By reframing a hostile question.
A few days ago, the pharmaceutical company AstraZeneca announced a coronavirus vaccine that’s cheap and easy to make. Yet shortly afterward, the company was forced to disclose a critical mistake.
Making matters worse, AstraZeneca chose not to publicize the mistake, as it had done with its initial results. Instead, the company notified regulatory officials and Wall Street analysts in private conference calls.
Predictably, the story soon spread, which prompted a reporter to ask the obvious:
Why didn’t AstraZeneca share the negative news with the public?
If your corporate policy is inflexible, cushion it with compassion.
In March, the federal government announced unprecedented news: It would give every American a stimulus payment of up to $1,200. Yet the check came with a catch: If you opted to have the money deposited into your bank account and your account is overdrawn, then your bank might keep part, or even all, of the payment to make up for your negative balance.
Leave aside, for the moment, whether this action is right or wrong. Instead, consider the diametrically different statements from two of the banks:
Anyone can apologize. Indeed, we all do from time to time. But to do it well — to extinguish the fire rather than re-ignite it — ultimately requires the one thing that even we PR pros can’t fake: sincerity.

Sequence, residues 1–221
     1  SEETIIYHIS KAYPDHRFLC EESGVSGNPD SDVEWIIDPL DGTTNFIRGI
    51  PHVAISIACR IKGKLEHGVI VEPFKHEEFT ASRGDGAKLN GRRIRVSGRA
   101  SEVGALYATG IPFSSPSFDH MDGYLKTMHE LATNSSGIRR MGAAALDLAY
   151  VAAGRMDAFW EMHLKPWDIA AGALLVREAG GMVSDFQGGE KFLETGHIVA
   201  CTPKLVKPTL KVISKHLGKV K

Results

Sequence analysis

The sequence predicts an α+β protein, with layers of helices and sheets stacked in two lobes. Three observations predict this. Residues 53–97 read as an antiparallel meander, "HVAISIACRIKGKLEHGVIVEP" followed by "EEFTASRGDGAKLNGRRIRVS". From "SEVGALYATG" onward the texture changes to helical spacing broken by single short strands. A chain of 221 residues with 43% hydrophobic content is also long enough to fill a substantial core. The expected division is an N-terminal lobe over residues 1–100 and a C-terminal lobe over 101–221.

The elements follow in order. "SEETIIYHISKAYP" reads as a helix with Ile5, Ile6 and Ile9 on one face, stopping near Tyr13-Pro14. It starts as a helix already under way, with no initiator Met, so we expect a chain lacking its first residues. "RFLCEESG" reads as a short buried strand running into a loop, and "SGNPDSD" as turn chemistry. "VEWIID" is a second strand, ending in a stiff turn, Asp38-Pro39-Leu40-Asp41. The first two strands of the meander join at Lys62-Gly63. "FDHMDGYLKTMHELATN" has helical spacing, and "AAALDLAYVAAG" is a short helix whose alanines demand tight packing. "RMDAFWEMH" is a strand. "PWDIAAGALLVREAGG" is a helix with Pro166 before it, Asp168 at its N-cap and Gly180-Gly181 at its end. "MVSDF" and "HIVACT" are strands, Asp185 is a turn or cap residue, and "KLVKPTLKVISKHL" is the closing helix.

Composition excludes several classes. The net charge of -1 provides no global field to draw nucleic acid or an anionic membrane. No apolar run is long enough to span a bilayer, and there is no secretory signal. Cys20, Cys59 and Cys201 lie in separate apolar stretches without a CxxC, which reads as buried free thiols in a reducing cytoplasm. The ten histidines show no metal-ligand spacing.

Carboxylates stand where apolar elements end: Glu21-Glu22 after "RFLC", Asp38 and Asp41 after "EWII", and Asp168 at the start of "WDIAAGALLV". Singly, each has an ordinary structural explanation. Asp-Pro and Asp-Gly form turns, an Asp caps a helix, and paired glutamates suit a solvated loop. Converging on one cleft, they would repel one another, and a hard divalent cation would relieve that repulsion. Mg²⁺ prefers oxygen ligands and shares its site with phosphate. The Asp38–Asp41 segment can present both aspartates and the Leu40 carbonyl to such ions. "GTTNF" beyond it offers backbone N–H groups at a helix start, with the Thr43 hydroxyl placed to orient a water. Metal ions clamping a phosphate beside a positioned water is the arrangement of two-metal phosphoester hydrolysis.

Everyone makes mistakes, the saying goes. It’s whether you learn from them that separates the brands that retain your loyalty from the ones you now drive by.
In this context, consider last night’s tweet from KitchenAid that mocked President Obama:
“Obamas gma even knew it was going 2 b bad! ‘She died 3 days b4 he came president’. #nbcpolitics”
Sent from your personal account, where your audience consists of your (like-minded) friends, the tweet would have been par for the live-tweet course: funny and frivolous. However, sent from a corporate channel, the tweet is no longer associated with a person but with a brand—and its products.
The new master of the mea culpa.
Apple and “apologize” don’t usually fall in the same sentence. In fact, Apple instructs its retail employees to avoid acts of contrition as a matter of principle. “Do not apologize for the business [or] the technology,” its Genius manual commands.
Following this playbook, when faced with the debacle that is Mapplegate, Cupertino’s flacks first tried spin. “We launched this new map service knowing it is a major initiative and that we are just getting started with it,” a spokeswoman told AllThingsD. But the brush-off backfired, hard. As Gizmodo put it, “The New Apple: It Doesn’t Just Work.”
Realizing that the story wasn’t dying down, the time came for the CEO to step up. Tim Cook needed to communicate two things — an apology, and a promise to do better — both of which he did with aplomb.